By: Dr. Ken Broda-Bahm - Exactly what do people celebrate when they see a fitting result? Sometimes it is justice, and sometimes it includes a measure of payback or revenge as well. Just over a week ago, news from the Oval Office ignited jubilant celebrations in Times Square and many other parts of the country. Scenes of the rapture that greeted the death of Osama Bin Laden caused some observers to wonder at the civility of a response that might have seemed more appropriate for a sports victory,........ Read more »

  • May 9, 2011
  • 06:04 AM

Bilingual math

by Ingrid Piller in Language on the Move

Over the past year or so I’ve started to make my daughter do daily arithmetic practice in German. My reason for doing so stems from my dissatisfaction with the ways in which rote learning and memorization as a learning style … Continue reading →... Read more »

Aneta Pavlenko (Ed.). (2011) Thinking and Speaking in Two Languages. Multilingual Matters. info:/

  • May 9, 2011
  • 05:19 AM

Why are resilient supply chains so important?

by Jan Husdal in

Since its inception this article has formed the bedrock for practically every literature review on supply chain resilience. Frankly, if you are investigating how to make supply chains more resilient, and if you forget to mention this article in your literature review, then I would say that obviously, you have absolutely no clue about supply chains or resilience.... Read more »

Christopher, M., & Peck, H. (2004) Building the Resilient Supply Chain. The International Journal of Logistics Management, 15(2), 1-14. DOI: 10.1108/09574090410700275  

  • May 8, 2011
  • 05:03 PM

Religion only makes for happy people if there's a lot of it about

by Tom Rees in Epiphenom

In the previous post I wrote about how the link between religion and happiness, often thought to be rock-solid, doesn't seem to apply in England.

That suggests that the relationship between religion and happiness might vary from society to society. Now a new analysis, by Jan Eichhorn at the University of Edinburgh, finds that this indeed might be the case. He looked at 43 countries, mostly from Europe but also including the USA, Australia and New Zealand.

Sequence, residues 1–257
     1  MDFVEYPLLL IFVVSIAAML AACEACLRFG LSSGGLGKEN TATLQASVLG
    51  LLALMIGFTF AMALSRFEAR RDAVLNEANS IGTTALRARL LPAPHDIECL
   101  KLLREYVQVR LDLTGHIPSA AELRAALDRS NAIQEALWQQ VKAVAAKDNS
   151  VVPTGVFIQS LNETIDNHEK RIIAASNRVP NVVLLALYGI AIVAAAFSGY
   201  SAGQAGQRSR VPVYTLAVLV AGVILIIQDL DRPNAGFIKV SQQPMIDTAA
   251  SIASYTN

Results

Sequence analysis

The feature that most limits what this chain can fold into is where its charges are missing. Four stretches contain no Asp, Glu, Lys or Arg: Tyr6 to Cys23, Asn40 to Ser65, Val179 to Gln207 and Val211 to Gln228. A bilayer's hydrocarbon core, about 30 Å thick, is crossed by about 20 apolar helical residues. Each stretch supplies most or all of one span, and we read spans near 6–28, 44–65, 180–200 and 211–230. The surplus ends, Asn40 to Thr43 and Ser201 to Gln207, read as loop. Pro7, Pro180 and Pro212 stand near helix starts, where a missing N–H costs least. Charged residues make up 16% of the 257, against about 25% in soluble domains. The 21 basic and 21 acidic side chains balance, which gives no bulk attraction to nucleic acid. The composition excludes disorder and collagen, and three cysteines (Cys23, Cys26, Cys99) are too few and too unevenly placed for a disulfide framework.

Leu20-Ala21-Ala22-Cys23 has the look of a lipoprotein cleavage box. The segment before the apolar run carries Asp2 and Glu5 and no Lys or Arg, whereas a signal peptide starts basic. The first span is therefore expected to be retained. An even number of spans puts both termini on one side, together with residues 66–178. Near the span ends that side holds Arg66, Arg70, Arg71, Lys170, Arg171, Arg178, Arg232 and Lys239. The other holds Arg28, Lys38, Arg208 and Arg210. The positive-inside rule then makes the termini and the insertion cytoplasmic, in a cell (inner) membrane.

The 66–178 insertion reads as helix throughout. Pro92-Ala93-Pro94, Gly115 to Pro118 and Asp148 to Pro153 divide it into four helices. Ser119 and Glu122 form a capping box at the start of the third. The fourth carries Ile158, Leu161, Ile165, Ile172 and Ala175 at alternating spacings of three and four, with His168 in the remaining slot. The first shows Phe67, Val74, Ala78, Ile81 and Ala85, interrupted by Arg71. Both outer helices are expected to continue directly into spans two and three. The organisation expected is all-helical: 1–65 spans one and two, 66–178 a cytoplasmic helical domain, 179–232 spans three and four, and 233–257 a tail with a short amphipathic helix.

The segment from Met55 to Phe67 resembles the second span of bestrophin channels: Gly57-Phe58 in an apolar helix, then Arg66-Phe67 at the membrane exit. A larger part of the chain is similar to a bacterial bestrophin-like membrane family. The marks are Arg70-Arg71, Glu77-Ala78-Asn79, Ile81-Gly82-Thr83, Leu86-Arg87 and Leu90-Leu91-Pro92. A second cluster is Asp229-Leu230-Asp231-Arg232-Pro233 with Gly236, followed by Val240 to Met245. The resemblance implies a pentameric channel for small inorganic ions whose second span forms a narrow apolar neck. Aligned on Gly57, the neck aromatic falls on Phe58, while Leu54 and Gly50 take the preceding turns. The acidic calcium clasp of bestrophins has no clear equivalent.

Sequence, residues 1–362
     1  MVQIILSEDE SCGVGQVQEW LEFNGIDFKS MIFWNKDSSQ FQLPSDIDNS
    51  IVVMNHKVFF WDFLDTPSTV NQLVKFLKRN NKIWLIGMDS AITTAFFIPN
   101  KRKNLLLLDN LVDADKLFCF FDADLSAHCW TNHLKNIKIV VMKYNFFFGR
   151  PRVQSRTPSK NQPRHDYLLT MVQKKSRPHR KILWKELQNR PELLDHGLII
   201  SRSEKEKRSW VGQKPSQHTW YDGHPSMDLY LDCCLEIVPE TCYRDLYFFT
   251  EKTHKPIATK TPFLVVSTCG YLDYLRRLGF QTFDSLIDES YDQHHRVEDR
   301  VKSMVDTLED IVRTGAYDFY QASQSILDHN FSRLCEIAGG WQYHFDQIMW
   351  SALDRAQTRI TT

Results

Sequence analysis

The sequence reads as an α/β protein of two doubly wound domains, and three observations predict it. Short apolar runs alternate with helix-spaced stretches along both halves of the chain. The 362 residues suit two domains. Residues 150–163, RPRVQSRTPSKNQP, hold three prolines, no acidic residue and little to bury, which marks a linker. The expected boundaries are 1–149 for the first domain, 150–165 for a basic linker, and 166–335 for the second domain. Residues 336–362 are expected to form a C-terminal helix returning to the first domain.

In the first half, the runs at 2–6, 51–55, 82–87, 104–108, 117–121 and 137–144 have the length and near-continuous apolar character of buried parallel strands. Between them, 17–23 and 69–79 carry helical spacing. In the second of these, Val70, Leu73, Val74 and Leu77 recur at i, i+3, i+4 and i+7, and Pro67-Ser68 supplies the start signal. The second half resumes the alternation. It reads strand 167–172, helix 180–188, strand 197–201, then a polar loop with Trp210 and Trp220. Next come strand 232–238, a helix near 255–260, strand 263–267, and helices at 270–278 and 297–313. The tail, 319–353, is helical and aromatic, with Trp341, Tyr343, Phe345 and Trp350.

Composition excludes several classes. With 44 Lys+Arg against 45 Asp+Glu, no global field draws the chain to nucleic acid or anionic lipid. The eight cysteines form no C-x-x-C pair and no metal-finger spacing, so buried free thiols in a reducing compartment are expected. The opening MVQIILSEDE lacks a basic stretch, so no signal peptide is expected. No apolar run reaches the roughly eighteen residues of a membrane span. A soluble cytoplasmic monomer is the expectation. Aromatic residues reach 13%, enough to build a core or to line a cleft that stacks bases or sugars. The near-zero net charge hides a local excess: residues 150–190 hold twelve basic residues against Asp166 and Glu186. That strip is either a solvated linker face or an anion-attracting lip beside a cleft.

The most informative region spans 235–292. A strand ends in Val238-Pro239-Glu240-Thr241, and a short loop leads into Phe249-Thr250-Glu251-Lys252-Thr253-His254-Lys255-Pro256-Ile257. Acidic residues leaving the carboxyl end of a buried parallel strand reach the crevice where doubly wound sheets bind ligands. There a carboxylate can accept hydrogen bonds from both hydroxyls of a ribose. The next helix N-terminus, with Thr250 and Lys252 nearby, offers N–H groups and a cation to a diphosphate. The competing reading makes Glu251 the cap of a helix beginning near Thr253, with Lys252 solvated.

Same as everyone else Eichhorn found t........ Read more »

  • May 7, 2011
  • 04:14 PM

Rise of the Rat Brained Robots

by Neurobonkers in Neurobonkers

Kevin Warwick and his team at Reading University have successfully created a robot controlled directly by a rat's brain.... Read more »

Warwick, K., Xydas, D., Nasuto, S. J., Becerra, V. M., Hammond, M. W., Downes, J., Marshall, S., & Whalley, B . Defence Science, 60. (2010) Controlling a mobile robot with a biological brain. Defence Science, 60(1), 5-14. info:/

  • May 7, 2011
  • 01:50 AM

Mental Health Services Do Not Prevent Suicide

by Ultimo167 in Strong Silent Types

Wish as we may, the much practised practice of bunging suicidal individuals into psychiatric care (of one form or another)has not yielded the kind of improvements in the overall suicide rate that one would have expected. Why not? A point not really answered by Johannessen et al. (2011) in their little paper on how bigger mental health bucks in Norway have had null impact on the overall suicide rate in that country. Should we spend more or try another trick? On that latter tricky point, the autho........ Read more »

  • May 6, 2011
  • 04:38 AM

Bayesian phylogenetic analysis of Japonic languages

by Sean Roberts in A Replicated Typo 2.0

Lee & Hasagawa (2011) use phylogenetic methods to trace the origins of Japonic languages and dialects.... Read more »

  • May 6, 2011
  • 02:26 AM

Can foreign languages drive you crazy?

by Ingrid Piller in Language on the Move

On The Science Show they recently had a program about how unfamiliar sounds, rhythms and tonalities can drive people crazy. I learnt that neuroscientists have been experimenting with the idea that when confronted with unfamiliar musical patterns the brain releases … Continue reading →... Read more »

Lehrer, Jonah. (2007) Proust was a neuroscientist. Houghton Mifflin Harcourt. info:/

  • May 5, 2011
  • 09:51 PM

Memento Mori: Thoughts of Death Can Subtly Bias People's Ideas about Human Origins

by Lindsay in Autist's Corner

Discussion of some psychological research into the emotional underpinnings of creationism... Read more »

  • May 5, 2011
  • 11:46 AM

In Malpractice Litigation, Account for Jurors' Motive to Trust the Doctor

by Persuasion Strategies in Persuasive Litigator

There is a pattern in medical malpractice litigation: people want to trust their doctors. This pattern is something observed in our own experience, in human psychology, and in attitudes toward malpractice trials. Plaintiffs only win when jurors are able to overcome that trust. The best thing that doctor-defendants have in their corner is jurors' strong pull toward trusting the doctor. Job number one in a medical malpractice defense is to avoid any behavior that could lead fact-finders to ab........ Read more »

  • May 4, 2011
  • 09:03 AM

Forests at your service: lessons from Kibale

by Jeremy in Agricultural Biodiversity Weblog

We are submitting this post to the ‘Forests: Nature at Your Service’ blogging competition being run by UNEP and Treehugger in celebration of World Environment Day. Wish us luck. It must have seemed a no-brainer. Uganda’s Kibale National Park (KNP) is scenic, diverse, important for the largest bit of mid-elevation tropical rainforest remaining in East [...]... Read more »